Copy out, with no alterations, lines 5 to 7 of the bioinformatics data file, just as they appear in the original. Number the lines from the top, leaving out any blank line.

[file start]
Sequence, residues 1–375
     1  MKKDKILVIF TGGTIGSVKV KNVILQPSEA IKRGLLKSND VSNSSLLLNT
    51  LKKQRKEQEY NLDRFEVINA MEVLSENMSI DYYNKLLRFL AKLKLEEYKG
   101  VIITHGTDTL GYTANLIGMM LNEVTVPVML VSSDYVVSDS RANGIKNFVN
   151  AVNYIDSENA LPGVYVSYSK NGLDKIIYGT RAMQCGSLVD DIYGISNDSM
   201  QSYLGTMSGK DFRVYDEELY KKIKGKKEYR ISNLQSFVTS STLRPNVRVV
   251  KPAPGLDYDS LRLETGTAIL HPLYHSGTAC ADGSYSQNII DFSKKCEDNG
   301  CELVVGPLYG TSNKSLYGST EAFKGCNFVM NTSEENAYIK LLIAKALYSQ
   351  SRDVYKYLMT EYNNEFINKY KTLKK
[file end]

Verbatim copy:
   151  AVNYIDSENA LPGVYVSYSK NGLDKIIYGT RAMQCGSLVD DIYGISNDSM
   201  QSYLGTMSGK DFRVYDEELY KKIKGKKEYR ISNLQSFVTS STLRPNVRVV
   251  KPAPGLDYDS LRLETGTAIL HPLYHSGTAC ADGSYSQNII DFSKKCEDNG